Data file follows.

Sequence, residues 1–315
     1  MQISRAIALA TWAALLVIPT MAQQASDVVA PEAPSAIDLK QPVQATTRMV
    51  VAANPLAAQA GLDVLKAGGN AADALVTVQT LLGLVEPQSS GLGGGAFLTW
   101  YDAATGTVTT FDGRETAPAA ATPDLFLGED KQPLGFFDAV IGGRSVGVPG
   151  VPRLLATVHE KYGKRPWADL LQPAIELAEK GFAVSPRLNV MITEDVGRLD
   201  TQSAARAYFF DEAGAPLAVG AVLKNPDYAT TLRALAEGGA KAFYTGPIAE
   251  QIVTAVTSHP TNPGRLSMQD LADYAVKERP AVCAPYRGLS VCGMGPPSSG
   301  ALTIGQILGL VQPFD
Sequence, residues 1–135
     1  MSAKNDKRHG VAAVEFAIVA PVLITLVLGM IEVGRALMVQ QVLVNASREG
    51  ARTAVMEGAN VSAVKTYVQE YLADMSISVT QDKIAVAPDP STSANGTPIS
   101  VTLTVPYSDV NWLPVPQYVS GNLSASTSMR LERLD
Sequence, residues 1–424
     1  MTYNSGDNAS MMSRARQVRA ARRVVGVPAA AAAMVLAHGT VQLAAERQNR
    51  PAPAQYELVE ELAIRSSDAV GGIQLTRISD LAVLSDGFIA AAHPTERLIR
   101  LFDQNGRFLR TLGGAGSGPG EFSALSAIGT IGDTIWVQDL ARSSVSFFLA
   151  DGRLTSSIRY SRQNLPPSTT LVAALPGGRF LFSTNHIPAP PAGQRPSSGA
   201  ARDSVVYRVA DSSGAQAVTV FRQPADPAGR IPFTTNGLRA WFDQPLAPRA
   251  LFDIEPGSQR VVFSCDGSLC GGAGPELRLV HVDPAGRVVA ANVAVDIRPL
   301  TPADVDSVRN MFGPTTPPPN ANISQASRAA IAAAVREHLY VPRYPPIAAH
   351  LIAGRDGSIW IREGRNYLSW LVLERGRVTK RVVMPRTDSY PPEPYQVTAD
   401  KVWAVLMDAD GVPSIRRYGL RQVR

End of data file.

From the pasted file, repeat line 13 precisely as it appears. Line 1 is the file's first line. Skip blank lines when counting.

Sequence, residues 1–424